Ky. Hemp Commission to move forward with licensing as Ky. State Police question legality
09/12/2013 01:36 PM
FRANKFORT – Kentucky’s Industrial Hemp Commission and the Kentucky State Police are still at odds over the crop as the commission pushes forward on licensing farmers while the state police have asked the attorney general to weigh in.
Hemp commission members on Thursday voted to draft licensing regulations. Several commission members brought up the U.S. Department of Justice’s recent decision not to contradict new state laws in Washington and Colorado that allow recreational marijuana use. They said that represented a shift in policy that applies to hemp, which like marijuana is a cannabis plant and has been against federal law to grow.
The Kentucky legislature passed Senate Bill 50 in the 2013 session, which set up the framework for the commission to regulate industrial hemp farming in Kentucky if the federal government granted permission to grow it. Gov. Steve Beshear and Commissioner of the Kentucky State Police Rodney Brewer had concerns over the state’s ability to regulate it and prevent the crop from shielding marijuana plants from the law’s reach.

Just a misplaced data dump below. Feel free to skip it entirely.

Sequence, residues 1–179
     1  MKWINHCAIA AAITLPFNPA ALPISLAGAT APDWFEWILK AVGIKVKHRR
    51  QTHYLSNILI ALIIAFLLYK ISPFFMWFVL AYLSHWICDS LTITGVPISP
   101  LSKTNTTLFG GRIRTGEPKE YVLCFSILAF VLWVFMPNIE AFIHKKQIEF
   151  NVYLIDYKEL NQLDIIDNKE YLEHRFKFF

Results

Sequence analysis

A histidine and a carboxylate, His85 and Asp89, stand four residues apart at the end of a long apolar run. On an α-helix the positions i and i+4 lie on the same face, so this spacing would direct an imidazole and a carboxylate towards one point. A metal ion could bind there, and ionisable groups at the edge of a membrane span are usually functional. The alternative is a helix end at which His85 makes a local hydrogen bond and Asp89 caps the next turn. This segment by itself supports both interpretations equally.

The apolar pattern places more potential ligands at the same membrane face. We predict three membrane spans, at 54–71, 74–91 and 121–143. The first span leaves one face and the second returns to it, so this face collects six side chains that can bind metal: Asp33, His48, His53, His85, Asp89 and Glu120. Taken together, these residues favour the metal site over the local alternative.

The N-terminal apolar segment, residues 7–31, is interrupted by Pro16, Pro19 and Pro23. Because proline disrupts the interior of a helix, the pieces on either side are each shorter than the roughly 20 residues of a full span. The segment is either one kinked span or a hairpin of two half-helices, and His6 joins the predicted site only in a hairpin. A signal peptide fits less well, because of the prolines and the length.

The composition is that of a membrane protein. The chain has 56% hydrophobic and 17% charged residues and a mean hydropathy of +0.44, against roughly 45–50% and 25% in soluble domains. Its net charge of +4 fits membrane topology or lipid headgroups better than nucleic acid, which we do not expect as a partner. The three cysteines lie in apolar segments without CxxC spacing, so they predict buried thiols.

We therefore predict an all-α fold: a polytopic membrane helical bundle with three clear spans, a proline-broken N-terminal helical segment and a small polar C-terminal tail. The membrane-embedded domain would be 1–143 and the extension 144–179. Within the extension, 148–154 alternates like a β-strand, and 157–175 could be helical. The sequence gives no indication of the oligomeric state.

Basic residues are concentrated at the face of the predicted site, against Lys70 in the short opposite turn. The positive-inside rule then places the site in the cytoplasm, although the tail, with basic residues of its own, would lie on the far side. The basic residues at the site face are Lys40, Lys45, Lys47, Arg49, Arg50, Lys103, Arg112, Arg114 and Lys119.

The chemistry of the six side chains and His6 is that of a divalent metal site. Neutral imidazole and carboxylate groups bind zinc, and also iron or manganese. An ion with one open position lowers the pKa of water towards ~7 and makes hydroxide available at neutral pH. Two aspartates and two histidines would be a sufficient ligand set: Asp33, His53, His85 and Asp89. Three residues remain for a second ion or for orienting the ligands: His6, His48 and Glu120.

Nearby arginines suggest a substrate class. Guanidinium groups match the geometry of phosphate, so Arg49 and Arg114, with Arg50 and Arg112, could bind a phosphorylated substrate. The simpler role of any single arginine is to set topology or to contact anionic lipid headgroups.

Maj. Anthony Terry, who represents the KSP on the Industrial Hemp Commission, said law enforcement’s position is that the Department of Justice’s decision not to intervene in Washington and Colorado “changes nothing as far as federal or state laws.”
Holly Harris, the general counsel for the Kentucky Department of Agriculture, told reporters after the meeting that industrial hemp is exempt from the Controlled Substances Act in Kentucky and, in essence, is legal. Still, federal guidelines must be followed.
Terry, however, said the Kentucky State Police will ask Kentucky Attorney General Jack Conway for an advisory opinion on whether licensing hemp in Kentucky is legal.
Agriculture Commissioner James Comer and other members of the commission have talked with U.S. Sen. Rand Paul, who has agreed to sign a letter asking for a clarification on hemp with the U.S. Attorney General and Department of Justice.
Senate Bill 50 may also have to be sent back to the General Assembly for “clean up” on how the hemp regulatory organization is structured. Comer said he was not concerned about whether the bill, which would make small structural changes, would have any trouble clearing in the General Assembly.
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